Match against Syria isn’t in the bag just yet
The game against Syria is the second match of the final round for the 2018 World Cup qualification - Asian Football Confederation (AFC), which is scheduled to go from September 2016 to September 2017. Syria is currently in a civil war so it is in no position to host a football match, which is why the venue was initially set for Beirut, Lebanon.
For Korea, ranked 48th in the latest FIFA standings, Syria, No. 105, which is the lowest of the teams in Group A, poses no threat. Vis-a-vis Korea, Syria is at a disadvantage with one win, two draws and three losses, not to mention the Middle Eastern team has never qualified for the World Cup before. But Korea cannot let its guard down since anything could go wrong in a game of football.
For one thing, anyone can see that Syria is in an upward trajectory looking at the second round of the Asian qualifiers. Assigned to Group E along with Japan, Singapore, Afghanistan and Cambodia, Syria came out of the group as its runner-up after the Japanese outfit with six wins and two losses. Its two losses came only from the matches against Japan. Against the rest of the three countries, Syria claimed wins in every single game, some winning by as many as six goals. Quite an unexpected result, but it was apparent that the Syrian football team has stepped things up a notch. The driver behind Syria’s success is its explosive goal-scoring capability. The team piled in 26 goals total in eight games, only one shy from the number of goals that Japan scored. Omar Khribin is the ace and center of Syria’s attack, scoring five in the second round and 13 total for the Syrian national team. He is the public enemy No. 1 to contain for Korea next Tuesday.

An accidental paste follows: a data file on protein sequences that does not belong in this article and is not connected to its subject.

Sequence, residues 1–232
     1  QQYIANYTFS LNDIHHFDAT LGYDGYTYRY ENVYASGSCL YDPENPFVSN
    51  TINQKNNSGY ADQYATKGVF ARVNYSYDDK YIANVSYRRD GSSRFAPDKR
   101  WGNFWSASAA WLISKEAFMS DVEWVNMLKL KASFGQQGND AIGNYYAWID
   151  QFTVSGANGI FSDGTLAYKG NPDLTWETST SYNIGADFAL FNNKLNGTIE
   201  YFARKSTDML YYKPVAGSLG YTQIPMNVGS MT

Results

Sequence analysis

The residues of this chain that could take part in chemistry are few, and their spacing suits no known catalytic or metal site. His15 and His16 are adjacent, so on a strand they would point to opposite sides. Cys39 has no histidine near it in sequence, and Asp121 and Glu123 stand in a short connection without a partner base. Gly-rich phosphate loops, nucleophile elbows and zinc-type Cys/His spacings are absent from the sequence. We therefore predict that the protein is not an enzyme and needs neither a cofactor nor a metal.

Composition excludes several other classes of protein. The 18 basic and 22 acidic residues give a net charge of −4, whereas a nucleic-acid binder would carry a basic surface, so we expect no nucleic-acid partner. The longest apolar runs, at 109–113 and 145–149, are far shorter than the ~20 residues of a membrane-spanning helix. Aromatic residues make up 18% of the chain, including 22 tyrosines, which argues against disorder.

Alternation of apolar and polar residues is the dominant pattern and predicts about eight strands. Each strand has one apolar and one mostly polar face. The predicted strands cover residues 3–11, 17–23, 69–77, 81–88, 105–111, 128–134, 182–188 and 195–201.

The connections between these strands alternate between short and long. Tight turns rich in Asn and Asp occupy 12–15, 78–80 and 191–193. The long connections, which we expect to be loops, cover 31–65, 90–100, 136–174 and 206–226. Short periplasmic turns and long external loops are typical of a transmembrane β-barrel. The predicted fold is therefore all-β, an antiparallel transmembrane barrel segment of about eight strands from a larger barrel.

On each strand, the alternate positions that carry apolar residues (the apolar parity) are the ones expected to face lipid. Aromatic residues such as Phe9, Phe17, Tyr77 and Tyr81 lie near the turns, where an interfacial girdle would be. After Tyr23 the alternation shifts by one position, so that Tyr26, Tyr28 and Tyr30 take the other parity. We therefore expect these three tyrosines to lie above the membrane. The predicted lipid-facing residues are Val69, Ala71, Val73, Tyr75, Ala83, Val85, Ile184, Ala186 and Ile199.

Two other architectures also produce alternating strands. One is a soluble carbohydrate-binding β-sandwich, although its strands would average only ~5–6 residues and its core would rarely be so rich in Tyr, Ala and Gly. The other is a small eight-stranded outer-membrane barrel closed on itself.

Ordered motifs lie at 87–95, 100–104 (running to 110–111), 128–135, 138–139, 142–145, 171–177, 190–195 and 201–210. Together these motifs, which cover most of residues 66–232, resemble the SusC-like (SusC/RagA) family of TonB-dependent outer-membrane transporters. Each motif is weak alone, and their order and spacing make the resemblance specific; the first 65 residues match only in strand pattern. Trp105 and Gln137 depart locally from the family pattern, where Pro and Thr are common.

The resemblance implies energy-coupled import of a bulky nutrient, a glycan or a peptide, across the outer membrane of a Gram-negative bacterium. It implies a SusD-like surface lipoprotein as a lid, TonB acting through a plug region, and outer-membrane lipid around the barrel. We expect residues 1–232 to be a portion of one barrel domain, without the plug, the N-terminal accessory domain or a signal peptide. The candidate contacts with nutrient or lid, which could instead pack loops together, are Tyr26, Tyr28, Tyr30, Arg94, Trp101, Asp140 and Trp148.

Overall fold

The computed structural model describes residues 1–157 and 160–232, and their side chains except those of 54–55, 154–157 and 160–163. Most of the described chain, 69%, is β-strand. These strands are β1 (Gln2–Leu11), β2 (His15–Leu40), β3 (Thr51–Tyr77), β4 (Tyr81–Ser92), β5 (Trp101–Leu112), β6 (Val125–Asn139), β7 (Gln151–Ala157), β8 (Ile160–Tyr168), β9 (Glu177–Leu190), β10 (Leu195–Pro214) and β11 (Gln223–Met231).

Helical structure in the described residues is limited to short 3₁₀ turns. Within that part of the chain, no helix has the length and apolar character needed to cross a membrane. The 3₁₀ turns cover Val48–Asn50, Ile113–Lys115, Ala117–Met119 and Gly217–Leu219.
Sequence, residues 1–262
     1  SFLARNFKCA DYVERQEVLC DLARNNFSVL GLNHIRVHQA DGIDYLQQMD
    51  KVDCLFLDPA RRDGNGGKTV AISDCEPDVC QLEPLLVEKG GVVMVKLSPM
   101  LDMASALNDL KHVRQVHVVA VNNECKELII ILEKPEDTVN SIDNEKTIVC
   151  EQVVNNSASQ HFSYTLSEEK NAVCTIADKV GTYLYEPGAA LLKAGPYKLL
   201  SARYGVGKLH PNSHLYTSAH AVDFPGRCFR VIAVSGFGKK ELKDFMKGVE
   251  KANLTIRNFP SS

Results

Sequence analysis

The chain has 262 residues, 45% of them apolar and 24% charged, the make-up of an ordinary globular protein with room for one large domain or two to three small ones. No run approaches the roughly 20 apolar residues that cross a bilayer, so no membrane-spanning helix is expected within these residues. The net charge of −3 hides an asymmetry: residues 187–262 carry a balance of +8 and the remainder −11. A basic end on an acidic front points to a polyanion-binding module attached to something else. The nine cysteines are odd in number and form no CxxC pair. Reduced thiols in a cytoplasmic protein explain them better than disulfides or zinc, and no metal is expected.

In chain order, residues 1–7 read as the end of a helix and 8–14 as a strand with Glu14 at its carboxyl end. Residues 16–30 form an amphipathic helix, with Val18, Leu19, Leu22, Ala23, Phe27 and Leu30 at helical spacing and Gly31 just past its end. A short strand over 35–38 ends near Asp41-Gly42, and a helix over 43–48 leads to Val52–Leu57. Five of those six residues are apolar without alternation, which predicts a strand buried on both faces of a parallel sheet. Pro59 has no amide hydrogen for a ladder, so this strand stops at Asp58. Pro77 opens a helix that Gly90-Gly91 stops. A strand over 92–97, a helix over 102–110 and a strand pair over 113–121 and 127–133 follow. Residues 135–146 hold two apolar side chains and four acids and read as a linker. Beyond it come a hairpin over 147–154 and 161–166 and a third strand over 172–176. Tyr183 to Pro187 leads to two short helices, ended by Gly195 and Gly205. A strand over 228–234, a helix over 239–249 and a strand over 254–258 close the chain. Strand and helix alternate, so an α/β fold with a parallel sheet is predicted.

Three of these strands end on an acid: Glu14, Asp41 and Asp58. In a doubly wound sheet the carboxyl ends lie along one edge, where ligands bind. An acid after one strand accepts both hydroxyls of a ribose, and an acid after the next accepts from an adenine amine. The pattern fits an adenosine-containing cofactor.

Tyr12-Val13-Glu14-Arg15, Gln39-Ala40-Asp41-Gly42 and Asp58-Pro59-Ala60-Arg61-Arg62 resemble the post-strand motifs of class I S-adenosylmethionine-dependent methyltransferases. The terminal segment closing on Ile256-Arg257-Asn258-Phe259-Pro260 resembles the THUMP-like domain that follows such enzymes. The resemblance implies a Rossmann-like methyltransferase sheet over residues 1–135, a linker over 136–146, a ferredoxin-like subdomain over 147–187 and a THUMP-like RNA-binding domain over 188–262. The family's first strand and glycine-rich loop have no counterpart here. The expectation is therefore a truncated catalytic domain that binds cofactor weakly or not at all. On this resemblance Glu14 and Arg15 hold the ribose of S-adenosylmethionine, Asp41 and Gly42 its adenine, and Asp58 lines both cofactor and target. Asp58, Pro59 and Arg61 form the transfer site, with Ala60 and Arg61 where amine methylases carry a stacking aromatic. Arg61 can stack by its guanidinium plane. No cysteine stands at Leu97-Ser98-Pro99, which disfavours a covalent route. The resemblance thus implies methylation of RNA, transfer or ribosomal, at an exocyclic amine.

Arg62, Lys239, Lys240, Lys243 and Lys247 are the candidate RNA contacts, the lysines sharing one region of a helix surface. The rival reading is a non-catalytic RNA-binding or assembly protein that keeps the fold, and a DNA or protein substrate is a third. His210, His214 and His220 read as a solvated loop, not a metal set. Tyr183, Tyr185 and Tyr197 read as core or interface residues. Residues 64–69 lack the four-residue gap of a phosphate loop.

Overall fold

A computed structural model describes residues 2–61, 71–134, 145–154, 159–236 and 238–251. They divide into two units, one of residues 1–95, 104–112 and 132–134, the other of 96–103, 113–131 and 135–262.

While many believe that Syria will be easy prey, the fact that Korea has never defeated Syria by a large deficit is alarming. Its 2-0 win in 1978 is the best Korea has done against Syria. Since then, Korea could not widen the gap by more than one goal. More importantly, Korea should not neglect the fact that Syria actually did bring Korea to its knees once. In the AFC Asian Cup in 1984, Syria edged Korea 1-0, an upset as unexpected as any. Just looking at the past numbers alone, it would seem as if there is a jinx for Korea when it comes to playing against the Middle Eastern squad.
Stielike and his players will be up for the task to put an end to this jinx on Tuesday. Fans expect Korea to net goals left and right and crush Syria to prove its dominion once and for all. Although Korea’s ace offensive midfielder Son Heung-min will be absent as he left after the match against China to join his English club, Tottenham Hotspur, Stielike still has more than enough talents to utilize up front.
In the final round, six teams in each group are to play home-and-away round-robin matches. By next September, the winners and runner-ups in Group A and Group B, or four teams in total, will gain a berth the World Cup, while third-place teams will have to take a detour to reach the World Cup. They will play a playoff round and the winner from the round will then compete for World Cup spot with the team that places fourth in the Confederation of North, Central American and Caribbean Association Football (Concacaf) qualifiers.
BY CHOI YONG-JAE, CHOI HYUNG-JO [firstname.lastname@example.org]